Vesak: Celebrating Buddha’s Birthday in Vietnam

Vesak is a Buddhist celebration that’s celebrated all over the world, including in Vietnam, where more than 50% of the population are Buddhists. Taking place during the month of May, Vesak is the birthday of Buddha and is considered one of the most significant holidays in Vietnam.  Vesak is locally known as Phật Đản. In some countries, it’s also called Buddha Day. The entire Vesak celebration consists of three festivals that include the birth, enlightenment, and death of Buddha.

Significance of the Lotus Flower

During the Vesak celebration, temples are mostly decorated with lanterns, lotus flowers, and other decors. But the most common motif is pink, which is the color of the lotus flower. The flower plays a significant role in Buddhism and has many different meanings. Generally, it signifies fortune, since the flower rises through the mud as it blooms. It is also seen as enlightenment and purification of the spirit, as well as faithfulness to devotion. In Buddhism, the pink color is given great importance and each shade represents different things.

In Vietnam, you’ll find the lotus flower decorated in various homes and buildings. In fact, some of the country’s most popular buildings have lotus decorations in it. One example is the Bitexco Financial Tower, a skyscraper in Vietnam that is considered the country’s tallest building.  This tower is actually inspired by the Lotus flower.

Vesak Celebrations

Vesak is held solemnly in Vietnam and the main celebration usually falls on full moon day. Buddhists are prohibited from slaughtering during this time and has to follow a vegetarian diet. They are also encouraged to carry out good deeds. Processions and parades are being held in various cities all over the country as well.

The holiday is enthusiastically celebrated in the Buddhist pagodas, temples, and some other places of worship all over the country. Monks will also lead calls to prayer and would give speeches. Followers are expected to pray and reflect upon their lives during the celebration. Incense will be lighted as they worship Buddha. Offerings can also be found at the foot of the shrines, which consist of fruits, flowers, and other gifts.

Candle Lighting, Prayers, and Charity

During Vesak, candles are lighted and placed on a lamp that resembles that of lotus flowers. They are then sent out into lakes and rivers to float. Buddhists believe that through Buddha’s spirit, they will be able to bring happiness to everyone, including the non-followers.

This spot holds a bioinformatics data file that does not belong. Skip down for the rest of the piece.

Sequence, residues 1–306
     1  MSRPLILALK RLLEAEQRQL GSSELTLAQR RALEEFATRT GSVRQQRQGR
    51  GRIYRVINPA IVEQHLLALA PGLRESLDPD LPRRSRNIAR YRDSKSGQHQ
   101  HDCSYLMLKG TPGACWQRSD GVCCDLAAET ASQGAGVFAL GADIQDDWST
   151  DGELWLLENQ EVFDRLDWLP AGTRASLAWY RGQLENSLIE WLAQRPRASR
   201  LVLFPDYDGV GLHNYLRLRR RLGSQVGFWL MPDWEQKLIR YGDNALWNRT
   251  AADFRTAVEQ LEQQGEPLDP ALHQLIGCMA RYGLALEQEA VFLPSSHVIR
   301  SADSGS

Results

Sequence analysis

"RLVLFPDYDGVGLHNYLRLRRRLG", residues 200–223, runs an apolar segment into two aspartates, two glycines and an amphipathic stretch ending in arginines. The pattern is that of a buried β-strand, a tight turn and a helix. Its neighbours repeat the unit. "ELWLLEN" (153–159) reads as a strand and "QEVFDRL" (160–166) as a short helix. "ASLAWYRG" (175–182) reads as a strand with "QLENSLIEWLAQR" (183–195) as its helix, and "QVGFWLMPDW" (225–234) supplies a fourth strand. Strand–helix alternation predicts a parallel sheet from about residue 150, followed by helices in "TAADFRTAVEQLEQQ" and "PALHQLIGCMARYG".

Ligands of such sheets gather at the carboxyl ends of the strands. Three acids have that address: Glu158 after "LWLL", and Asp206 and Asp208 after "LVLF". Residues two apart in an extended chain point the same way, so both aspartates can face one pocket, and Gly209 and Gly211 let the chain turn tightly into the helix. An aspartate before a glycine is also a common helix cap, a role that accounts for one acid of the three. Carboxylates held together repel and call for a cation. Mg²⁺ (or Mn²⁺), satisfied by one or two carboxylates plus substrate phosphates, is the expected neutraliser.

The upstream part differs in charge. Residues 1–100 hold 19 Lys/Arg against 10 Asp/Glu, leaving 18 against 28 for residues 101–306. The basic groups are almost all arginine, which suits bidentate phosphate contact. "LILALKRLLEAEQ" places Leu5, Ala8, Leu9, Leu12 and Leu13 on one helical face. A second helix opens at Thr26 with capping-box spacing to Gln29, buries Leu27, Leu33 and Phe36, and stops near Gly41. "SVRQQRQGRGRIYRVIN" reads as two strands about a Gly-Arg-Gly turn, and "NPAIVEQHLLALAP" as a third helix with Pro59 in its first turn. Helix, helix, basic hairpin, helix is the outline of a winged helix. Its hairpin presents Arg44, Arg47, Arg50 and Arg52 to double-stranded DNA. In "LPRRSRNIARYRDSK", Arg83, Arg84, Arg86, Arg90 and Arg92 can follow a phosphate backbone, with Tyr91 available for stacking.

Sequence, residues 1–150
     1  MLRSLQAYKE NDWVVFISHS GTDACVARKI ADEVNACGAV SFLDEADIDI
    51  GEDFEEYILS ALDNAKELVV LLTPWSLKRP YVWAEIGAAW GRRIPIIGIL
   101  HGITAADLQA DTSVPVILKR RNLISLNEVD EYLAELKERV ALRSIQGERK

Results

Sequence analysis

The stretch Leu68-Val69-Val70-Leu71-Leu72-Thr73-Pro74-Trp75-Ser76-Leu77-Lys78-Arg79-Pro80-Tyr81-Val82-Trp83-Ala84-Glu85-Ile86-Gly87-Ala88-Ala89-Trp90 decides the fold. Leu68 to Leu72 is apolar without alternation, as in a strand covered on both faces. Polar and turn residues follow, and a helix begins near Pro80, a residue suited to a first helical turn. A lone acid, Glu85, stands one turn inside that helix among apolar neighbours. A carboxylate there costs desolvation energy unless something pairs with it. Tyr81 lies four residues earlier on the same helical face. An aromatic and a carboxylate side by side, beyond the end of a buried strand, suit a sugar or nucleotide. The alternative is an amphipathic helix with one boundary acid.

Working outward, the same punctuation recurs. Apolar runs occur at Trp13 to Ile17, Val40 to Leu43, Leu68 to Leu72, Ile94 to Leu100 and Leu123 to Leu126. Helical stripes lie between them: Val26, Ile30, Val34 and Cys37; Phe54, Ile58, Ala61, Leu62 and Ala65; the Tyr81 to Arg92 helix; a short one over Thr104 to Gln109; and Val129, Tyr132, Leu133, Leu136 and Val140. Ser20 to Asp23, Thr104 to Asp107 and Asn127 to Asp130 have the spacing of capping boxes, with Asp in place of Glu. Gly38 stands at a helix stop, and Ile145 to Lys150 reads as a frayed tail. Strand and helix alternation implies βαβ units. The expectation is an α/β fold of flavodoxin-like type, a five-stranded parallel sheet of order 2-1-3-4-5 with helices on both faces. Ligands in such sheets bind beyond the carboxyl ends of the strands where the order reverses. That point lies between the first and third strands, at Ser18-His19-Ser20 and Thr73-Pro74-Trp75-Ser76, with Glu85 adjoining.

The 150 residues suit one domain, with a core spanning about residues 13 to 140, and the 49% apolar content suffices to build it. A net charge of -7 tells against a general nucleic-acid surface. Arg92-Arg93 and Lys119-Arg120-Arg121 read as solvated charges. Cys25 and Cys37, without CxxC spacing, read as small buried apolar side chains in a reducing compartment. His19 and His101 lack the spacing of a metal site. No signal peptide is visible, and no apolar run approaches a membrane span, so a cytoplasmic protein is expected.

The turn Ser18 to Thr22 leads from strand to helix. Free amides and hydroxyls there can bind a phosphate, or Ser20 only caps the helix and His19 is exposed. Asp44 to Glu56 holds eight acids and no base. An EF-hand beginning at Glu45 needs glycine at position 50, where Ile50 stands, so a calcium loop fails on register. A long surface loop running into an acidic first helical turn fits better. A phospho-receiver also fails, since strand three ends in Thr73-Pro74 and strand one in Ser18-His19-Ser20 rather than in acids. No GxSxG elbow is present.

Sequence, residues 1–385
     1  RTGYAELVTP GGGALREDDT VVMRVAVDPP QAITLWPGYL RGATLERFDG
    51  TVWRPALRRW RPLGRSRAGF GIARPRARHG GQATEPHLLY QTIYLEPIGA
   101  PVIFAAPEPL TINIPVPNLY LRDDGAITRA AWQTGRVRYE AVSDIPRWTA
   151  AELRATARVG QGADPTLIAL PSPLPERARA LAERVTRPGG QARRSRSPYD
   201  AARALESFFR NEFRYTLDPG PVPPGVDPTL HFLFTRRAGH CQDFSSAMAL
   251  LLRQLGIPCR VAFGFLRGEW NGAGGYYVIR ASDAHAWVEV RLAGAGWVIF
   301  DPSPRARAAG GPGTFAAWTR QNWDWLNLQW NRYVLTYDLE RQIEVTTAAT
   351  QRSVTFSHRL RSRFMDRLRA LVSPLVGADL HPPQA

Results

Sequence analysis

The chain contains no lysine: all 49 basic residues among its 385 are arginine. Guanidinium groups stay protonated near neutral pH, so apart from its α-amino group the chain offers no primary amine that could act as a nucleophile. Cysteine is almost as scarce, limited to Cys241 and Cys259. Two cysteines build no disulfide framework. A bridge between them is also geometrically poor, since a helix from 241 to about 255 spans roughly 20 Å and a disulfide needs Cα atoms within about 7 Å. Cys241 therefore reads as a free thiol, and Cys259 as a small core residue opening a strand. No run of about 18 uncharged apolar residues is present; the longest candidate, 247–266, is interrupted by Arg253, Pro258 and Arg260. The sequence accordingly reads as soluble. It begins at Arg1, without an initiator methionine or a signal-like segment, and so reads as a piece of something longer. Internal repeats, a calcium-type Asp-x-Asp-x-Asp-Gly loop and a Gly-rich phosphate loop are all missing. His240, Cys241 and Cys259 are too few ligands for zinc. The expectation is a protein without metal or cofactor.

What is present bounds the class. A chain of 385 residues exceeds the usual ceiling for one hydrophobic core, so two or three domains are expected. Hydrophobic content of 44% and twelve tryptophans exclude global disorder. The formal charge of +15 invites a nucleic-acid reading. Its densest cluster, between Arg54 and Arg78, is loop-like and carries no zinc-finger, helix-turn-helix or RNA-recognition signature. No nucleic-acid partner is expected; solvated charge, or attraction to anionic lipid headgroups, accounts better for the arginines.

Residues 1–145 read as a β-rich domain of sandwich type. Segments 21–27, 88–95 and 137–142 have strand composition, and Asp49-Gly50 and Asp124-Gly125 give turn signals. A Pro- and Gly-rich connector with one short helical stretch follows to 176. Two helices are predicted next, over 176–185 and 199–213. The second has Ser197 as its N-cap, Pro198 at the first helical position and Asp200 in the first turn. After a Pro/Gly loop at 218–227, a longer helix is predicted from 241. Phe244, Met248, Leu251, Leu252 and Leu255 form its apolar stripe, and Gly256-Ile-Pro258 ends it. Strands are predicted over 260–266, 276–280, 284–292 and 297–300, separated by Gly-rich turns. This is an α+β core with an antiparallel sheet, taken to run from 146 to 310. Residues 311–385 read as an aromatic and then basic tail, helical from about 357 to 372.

In various cities all over the country, such as in Hoi An, Hue, and Ho Chi Minh, monks would lead the call to prayers and parades. Colorful Buddhist flags can be seen lining the streets, rivers, and alleyways. Local homes and pathways will also be adorned with lanterns. Gifts will also be given to the poor and the needy. Moreover, local Buddhist Sanghas will carry out charity works and will raise funds for the poor, which may include building houses for the homeless.

Although Buddhism is not the only religion that is being practiced in the country, relevant Buddhist festivals such as Vesak are still begin held here regularly. This is what makes Vietnam a truly diverse and interesting country to visit.

Traveling to Vietnam During Vesak Celebration

If your travel date to Vietnam falls during the Vesak celebration, then you are lucky enough to witness one of the country’s most significant holidays. But you have to understand that the streets will be very crowded due to the parade and processions that will be happening. Thus, traffic can be worse. While Vesak is not as grand as Tet, you can still expect that a large number of locals will be traveling home during this holiday.

Therefore, if you plan on traveling by bus, train, or plane, you need to book your trip as early as possible. Also, some of the temples, museums, and pagodas might be closed during the holiday so you have to consider that when planning your itinerary. It may be a good idea to stay in one city while the Vesak celebration is taking place. This is also a great way to observe the celebration and soak up the festive vibe. As visitors to the country, you are expected to pay respects so as not to disappoint the locals who are meditating and praying during this event.

Traveling during holidays in Vietnam like Vesak does come with a few challenges. Buses and trains are often sold out in advance so you cannot expect to get a seat by simply showing up at the train station. Some hotels might be sold out as well because a good number of locals will be traveling during this holiday. Also, some of the country’s attractions, most especially the Buddhist temples and pagodas may be closed. Nevertheless, don’t let this stop you from enjoying the country during Vesak. In fact, this is a great opportunity to witness and learn more about the country’s local culture, religion, and tradition.

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